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Survey to explore understanding of the principles of aseptic technique: Qualitative content analysis with descriptive analysis of confidence and training

Published:November 21, 2017DOI:https://doi.org/10.1016/j.ajic.2017.10.008

      Highlights

      • Aseptic technique is an important part of clinical care.
      • Nurses' understanding of aseptic technique appears to be suboptimal.
      • Education and periodic reassessment could improve practice.

      Background

      In many countries, aseptic procedures are undertaken by nurses in the general ward setting, but variation in practice has been reported, and evidence indicates that the principles underpinning aseptic technique are not well understood.

      Methods

      A survey was conducted, employing a brief, purpose-designed, self-reported questionnaire.

      Results

      The response rate was 72%. Of those responding, 65% of nurses described aseptic technique in terms of the procedure used to undertake it, and 46% understood the principles of asepsis. The related concepts of cleanliness and sterilization were frequently confused with one another. Additionally, 72% reported that they not had received training for at least 5 years; 92% were confident of their ability to apply aseptic technique; and 90% reported that they had not been reassessed since their initial training. Qualitative analysis confirmed a lack of clarity about the meaning of aseptic technique.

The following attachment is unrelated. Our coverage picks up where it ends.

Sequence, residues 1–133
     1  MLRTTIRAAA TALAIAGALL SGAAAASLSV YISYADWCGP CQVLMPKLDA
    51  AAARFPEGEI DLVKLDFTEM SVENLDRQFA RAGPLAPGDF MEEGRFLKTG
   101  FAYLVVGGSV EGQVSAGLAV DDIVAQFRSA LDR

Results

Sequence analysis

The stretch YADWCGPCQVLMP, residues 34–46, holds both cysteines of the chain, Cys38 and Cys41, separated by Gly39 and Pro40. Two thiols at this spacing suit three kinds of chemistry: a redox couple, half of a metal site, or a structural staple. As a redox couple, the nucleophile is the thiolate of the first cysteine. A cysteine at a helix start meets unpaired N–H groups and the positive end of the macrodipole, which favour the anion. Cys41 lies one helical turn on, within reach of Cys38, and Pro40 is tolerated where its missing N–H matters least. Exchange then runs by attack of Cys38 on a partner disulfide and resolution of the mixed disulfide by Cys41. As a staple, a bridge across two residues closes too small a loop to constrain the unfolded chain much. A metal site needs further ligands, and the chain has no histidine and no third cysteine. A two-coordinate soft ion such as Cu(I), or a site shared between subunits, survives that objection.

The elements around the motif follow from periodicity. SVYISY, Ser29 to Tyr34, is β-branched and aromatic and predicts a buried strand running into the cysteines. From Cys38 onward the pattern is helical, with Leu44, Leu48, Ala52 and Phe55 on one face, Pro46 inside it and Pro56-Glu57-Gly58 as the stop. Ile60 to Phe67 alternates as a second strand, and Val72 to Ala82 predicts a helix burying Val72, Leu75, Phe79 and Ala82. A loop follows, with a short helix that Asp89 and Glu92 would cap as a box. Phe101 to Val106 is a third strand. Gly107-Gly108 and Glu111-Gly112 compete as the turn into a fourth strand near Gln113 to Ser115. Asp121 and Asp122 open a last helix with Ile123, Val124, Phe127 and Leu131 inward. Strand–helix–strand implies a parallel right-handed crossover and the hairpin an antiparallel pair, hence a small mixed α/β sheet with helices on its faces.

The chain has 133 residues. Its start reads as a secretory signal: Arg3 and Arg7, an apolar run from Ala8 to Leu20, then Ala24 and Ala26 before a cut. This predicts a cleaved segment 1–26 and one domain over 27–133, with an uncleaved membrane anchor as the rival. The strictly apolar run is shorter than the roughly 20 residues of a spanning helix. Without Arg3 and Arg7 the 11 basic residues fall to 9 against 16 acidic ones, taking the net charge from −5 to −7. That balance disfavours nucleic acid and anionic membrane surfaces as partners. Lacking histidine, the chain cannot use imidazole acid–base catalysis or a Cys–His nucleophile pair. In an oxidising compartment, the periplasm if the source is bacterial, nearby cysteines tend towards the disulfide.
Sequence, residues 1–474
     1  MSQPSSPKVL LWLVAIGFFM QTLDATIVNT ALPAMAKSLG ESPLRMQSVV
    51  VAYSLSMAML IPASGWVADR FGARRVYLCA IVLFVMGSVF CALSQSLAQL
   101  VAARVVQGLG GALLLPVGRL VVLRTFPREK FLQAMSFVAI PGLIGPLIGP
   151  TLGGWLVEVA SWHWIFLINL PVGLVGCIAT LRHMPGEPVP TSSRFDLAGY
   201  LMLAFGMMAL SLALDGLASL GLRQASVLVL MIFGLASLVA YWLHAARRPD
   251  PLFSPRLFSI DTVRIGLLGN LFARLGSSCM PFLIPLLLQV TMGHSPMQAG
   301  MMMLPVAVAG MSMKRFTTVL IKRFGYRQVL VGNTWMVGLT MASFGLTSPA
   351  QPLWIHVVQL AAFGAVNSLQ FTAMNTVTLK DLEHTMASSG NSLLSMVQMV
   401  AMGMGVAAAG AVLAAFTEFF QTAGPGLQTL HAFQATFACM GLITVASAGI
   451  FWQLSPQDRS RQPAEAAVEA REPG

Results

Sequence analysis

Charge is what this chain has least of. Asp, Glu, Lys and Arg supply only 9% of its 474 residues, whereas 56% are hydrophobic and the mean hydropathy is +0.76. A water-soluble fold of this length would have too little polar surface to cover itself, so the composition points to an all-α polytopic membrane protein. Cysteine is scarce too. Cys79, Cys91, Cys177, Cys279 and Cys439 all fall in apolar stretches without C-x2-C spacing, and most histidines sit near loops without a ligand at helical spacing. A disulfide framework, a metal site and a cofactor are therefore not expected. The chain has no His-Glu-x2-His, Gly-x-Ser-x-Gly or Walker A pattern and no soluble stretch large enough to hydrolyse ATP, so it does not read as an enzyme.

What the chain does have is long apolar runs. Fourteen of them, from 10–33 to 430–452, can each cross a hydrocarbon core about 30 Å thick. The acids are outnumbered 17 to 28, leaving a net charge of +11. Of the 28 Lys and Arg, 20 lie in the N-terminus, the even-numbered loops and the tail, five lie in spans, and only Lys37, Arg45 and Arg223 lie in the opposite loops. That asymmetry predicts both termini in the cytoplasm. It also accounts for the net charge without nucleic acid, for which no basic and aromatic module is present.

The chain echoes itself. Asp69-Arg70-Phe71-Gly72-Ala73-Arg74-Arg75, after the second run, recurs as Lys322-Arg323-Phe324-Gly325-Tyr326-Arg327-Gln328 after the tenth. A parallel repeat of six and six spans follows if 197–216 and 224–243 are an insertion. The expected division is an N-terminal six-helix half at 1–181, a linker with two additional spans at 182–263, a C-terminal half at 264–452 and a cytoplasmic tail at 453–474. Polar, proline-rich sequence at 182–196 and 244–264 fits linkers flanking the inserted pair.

Conclusion

      Nurses' understanding of aseptic technique and the concepts of sterility and cleanliness is inadequate, a finding in line with results of previous studies. This knowledge gap potentially places patients at risk. Nurses' understanding of the principles of asepsis could be improved. Further studies should establish the generalizability of the study findings. Possible improvements include renewed emphasis during initial nurse education, greater opportunity for updating knowledge and skills post-qualification, and audit of practice.

      Key Words

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